They invested in Veolia's Biothane Advanced UASB anaerobic reactor as well as a two-stage aerobic treatment process with advanced nutrient removal. All of these processes lead to a reduction in the GHG emissions associated with their operations per year and also helped reduce operating costs by utilizing the biogas for heating the process water in production.

Next, ElPozo Alimentación, a pioneer in healthy food in the Spanish meat sector, saves more than 200,000 cubic meters of water each year. 

Veolia Water Technologies Spain and ElPozo have been collaborating on several projects for almost two decades with a common objective to ensure sustainability. One of the greatest exponents is the industrial wastewater treatment plant (WWTP) of the Alhama de Murcia factory. Together, they set out on a project to optimize the conversion rate of the existing reverse osmosis plants, also provided by Veolia.  

Their optimization efforts mean 48 cubic meters of water per hour are reused, which represents a significant reduction in the water footprint of the site since it no longer relies on more than 200,000 cubic meters of water per year from the public network.

A different kettle of fish is water reuse in aquaculture. Aquaculture, also known as fish farming, has expanded almost 14-fold since 1980. In fact, today, the world produces more farmed fish than beef, and demand is expected to increase upwards of 35 percent in the next 20 years — so sustainable aquaculture is paramount. 

Norway’s first commercial, land-based salmon farm is underpinned by a unique grow-out solution. This technology means fish are farmed in a controlled environment with state-of-the-art recirculation technology, ensuring stable water parameters to optimize growth and safeguard survival.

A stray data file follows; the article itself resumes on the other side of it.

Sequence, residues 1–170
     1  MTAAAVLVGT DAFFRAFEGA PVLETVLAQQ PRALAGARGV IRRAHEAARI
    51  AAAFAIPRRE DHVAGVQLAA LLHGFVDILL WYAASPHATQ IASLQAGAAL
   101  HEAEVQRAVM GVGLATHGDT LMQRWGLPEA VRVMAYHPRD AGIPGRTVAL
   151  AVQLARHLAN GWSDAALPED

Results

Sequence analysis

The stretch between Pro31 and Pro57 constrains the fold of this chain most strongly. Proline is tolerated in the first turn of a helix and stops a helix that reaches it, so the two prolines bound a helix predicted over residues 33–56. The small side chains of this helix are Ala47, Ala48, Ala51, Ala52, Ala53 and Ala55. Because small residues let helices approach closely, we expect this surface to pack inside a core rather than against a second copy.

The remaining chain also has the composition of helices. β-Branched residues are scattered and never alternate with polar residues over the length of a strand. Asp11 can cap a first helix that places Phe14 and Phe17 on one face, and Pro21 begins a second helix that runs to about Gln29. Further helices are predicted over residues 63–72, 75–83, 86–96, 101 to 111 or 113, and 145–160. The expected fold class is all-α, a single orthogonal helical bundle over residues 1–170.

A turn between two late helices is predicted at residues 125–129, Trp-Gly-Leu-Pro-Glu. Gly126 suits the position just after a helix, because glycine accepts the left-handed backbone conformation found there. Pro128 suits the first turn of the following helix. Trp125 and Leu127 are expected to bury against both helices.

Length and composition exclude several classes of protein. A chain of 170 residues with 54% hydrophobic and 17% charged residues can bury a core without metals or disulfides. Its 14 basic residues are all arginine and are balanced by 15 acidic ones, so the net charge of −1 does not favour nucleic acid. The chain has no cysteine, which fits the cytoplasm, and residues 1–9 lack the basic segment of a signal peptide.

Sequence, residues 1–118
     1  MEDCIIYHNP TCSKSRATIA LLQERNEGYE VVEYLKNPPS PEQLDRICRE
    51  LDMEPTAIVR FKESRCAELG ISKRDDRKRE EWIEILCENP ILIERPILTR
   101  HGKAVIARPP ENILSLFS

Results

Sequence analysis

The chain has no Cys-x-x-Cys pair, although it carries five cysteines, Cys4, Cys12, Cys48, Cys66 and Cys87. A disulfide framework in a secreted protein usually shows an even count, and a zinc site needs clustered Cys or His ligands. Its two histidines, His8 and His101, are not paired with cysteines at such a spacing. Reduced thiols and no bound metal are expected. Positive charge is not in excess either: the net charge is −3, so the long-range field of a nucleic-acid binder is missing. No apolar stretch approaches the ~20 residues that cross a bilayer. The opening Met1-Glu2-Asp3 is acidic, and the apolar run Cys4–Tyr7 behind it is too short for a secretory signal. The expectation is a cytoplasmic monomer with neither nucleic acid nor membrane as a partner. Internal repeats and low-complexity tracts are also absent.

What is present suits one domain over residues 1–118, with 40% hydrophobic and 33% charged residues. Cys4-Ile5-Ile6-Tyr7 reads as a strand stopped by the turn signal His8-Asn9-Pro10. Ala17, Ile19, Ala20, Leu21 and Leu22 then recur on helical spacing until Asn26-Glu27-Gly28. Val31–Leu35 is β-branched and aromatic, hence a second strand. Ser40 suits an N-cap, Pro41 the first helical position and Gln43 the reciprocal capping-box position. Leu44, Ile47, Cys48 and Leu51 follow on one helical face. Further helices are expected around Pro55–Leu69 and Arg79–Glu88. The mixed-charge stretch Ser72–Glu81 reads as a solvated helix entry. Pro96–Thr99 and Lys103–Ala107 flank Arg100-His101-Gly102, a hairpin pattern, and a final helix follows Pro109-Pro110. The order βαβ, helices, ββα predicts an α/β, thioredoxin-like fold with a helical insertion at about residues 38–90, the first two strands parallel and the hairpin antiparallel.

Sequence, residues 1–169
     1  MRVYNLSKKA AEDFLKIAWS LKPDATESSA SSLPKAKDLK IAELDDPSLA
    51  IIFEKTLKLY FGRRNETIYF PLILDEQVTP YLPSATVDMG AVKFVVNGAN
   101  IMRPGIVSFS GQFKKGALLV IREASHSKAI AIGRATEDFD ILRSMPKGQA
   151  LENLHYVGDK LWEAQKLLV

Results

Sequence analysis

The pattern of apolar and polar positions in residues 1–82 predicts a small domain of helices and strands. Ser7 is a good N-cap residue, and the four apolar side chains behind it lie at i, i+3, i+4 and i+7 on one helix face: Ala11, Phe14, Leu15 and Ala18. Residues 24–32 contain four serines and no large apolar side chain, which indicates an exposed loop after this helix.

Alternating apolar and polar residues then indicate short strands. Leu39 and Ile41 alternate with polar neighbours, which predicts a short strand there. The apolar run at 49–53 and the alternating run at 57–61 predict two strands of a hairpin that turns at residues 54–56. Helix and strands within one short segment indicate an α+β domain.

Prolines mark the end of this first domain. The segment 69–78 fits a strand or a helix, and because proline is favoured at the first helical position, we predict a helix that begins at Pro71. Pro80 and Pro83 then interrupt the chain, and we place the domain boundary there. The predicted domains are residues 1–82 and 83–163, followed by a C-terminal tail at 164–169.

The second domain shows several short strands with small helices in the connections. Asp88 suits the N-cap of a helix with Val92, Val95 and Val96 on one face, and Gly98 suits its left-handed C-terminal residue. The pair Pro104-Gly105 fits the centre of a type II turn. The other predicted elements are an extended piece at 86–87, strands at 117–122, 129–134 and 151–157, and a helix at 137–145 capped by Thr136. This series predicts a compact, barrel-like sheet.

Veolia Water Technologies’ RAS2020™ (Recirculating Aquaculture System) technology reuses water within the system, keeping water intake and the associated carbon footprint as low as possible. It has a flow rate of 10,000 cubic meters per hour; however, it only needs 65 cubic meters per hour of fresh water owing to the in-system treatment and recirculation. Meaning over 99 percent of the water is re-used. This creates a sustainable, resource-efficient and eco-friendly way of feeding our growing population while easing pressure on wild fish stocks and thus protecting the oceans.

These three examples are just the start of what many companies across the diverse food, drink and milk industry are working on. It is now widely known that from farm to fork, the sector can have significant negative impacts on energy consumption, water consumption, climate change, and other environmental subsystems and so businesses and brands are on the line. 

The December 2023 D-Day is fast approaching and with it comes more stringent regulations across Europe to lessen the environmental impact of operations; however, let’s not forget the opportunities businesses have to strengthen themselves in the process and to improve their environmental footprint by reusing their resources.